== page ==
Our Solar Hot Water System
In 2008, Sara and I decided that we'd like to switch away from an oil-fired hot water heating system with a circulator and tank off our oil-fired boiler. We spent a fair amount of time researching solar hot water systems online and at Green Energy Options in Keene. We have a Siebel-Eltron 80 gallon hot water tank with a dual heating coil. The main heating coil heats the bottom of the tank using solar transfer antifreeze heated by the array on the porch roof. The array consists of 16 evacuated glass tubes that heat a manifold (small horizontal tank) and transfer that heat to the water tank in the house. When there's enough sun, this bottom coil heats all of the water in the tank and supplies domestic hot water (DHW) needs for the two of us. This probably amounts to approximately two showers, a load of laundry every few days and an occasional dishwasher load. This might be 30 gallons a day. On a cloudy day or high usage day, the other heating coil in the hot water tank kicks in with heat from the oil-fired hot water boiler.
Having had the system in operation for six years, we would suggest a few changes to the system if we were begin again. First off, make sure that the system is sized large enough to account for actual usage as well as the heat that is lost in circulating from the solar array to the hot water tank. Our array is a good 60' from our tank and the loss is pretty substantial. We need to add more “power” on the roof by adding more solar tubes to compensate for this distance. Of course, you want to use all of the hot water generated by the sun to avoid having to find a way to bleed off excess unused heat. A wide range will work, just don't size the system too small (or too large). Your installer will help you determine that range.
Secondly, our solar tank circulator (it pushes the solar antifreeze from the array through the heating coil in the tank) is 115 VAC or normal house current. If the power goes out and the sun is shining, the system will overheat in minutes and will blow the safety valve, spewing antifreeze in the cellar. A better plan would be to have a photovoltaic panel and a backup battery providing 12 VDC to a 12 volt circulator pump. That way the circulator system is independent of the grid. When the sun shines, the photovoltaic panel creates electricity (in combination with the battery) to run the circulator while the sun heats the solar array.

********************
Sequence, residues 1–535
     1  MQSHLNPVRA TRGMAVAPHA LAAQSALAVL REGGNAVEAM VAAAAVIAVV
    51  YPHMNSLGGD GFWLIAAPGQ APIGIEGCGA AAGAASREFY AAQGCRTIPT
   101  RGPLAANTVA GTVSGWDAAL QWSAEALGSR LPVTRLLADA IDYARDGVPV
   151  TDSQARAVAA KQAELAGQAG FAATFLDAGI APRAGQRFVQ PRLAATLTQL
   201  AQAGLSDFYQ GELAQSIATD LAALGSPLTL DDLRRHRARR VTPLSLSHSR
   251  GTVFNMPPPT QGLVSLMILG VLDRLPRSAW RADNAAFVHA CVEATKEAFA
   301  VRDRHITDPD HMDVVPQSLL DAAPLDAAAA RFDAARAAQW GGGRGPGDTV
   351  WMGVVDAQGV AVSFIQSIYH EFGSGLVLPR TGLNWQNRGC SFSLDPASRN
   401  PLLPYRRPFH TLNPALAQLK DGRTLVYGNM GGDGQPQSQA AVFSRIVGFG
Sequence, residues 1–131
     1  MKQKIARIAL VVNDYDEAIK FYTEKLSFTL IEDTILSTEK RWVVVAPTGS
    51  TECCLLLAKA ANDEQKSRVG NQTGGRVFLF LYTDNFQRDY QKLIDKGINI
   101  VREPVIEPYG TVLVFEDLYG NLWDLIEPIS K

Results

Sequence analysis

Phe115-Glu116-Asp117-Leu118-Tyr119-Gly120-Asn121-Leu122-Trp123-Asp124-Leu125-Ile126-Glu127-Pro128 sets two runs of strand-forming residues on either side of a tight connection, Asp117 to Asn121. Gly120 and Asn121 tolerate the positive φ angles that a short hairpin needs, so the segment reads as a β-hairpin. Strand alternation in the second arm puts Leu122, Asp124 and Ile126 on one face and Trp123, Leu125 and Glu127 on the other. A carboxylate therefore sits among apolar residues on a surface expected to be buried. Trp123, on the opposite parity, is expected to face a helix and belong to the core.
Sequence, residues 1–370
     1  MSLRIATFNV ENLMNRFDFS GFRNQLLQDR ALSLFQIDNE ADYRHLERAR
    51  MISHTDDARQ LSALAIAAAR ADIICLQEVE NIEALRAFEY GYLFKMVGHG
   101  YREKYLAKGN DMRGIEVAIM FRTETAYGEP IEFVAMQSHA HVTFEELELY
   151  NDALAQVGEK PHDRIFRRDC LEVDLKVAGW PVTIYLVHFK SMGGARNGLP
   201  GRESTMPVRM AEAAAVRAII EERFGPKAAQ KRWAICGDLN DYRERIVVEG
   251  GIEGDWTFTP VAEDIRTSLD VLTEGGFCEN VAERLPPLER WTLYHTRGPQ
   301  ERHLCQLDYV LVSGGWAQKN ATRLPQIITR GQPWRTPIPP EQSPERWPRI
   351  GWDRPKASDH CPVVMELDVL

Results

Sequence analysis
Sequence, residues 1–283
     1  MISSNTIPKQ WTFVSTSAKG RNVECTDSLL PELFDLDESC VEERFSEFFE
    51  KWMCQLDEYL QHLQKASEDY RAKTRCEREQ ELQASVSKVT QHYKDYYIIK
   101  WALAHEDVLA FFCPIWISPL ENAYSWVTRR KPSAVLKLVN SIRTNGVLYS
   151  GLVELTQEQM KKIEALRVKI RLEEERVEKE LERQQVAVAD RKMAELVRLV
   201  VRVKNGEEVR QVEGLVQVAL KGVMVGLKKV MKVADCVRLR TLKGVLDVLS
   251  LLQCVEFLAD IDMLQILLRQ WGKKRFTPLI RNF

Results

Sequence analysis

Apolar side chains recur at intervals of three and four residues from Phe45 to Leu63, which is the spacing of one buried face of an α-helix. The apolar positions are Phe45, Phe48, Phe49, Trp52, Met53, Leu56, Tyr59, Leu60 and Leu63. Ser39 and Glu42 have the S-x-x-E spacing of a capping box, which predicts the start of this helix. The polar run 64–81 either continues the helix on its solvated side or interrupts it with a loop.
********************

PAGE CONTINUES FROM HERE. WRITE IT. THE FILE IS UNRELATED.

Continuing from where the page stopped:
Since we burn wood to heat our house, I might use a different heat source for our back up heating coil. Our source is the oil boiler and often the only reason it runs is to provide heat for hot water on a cloudy or high usage day. With the high price of oil, it might be more efficient to have an electric top coil in the hot water tank. This is fairly common now and requires much less installation work than connecting to the oil boiler.
Another method that might work would be to have a single coil solar hot water tank using the sun to heat the DHW with an on-demand propane or electric hot water heater in series with the output of the solar tank. The on demand unit would be set to come on if the water from the solar tank isn't hot enough, otherwise it would not run.
Costs have started to come down since 2008 when our total cost was $7,200. We used to use a full tank of oil (275 gallons) to heat hot water all year before the solar hot water system was installed. That would cost $965 at $3.50 a gallon. Currently we use about 140 gallons for a savings of about $475 per year. Once we have additional tubes on the roof, our costs should come down. The payback period (which reflects the savings in oil to heat hot water) is about 15 years before rebates currently available. There are several other systems in town, some of which use flat panel arrays rather than evacuated tubes. A comparison of heating capability and costs between these two types of solar hot water heating systems would make a good topic for another article.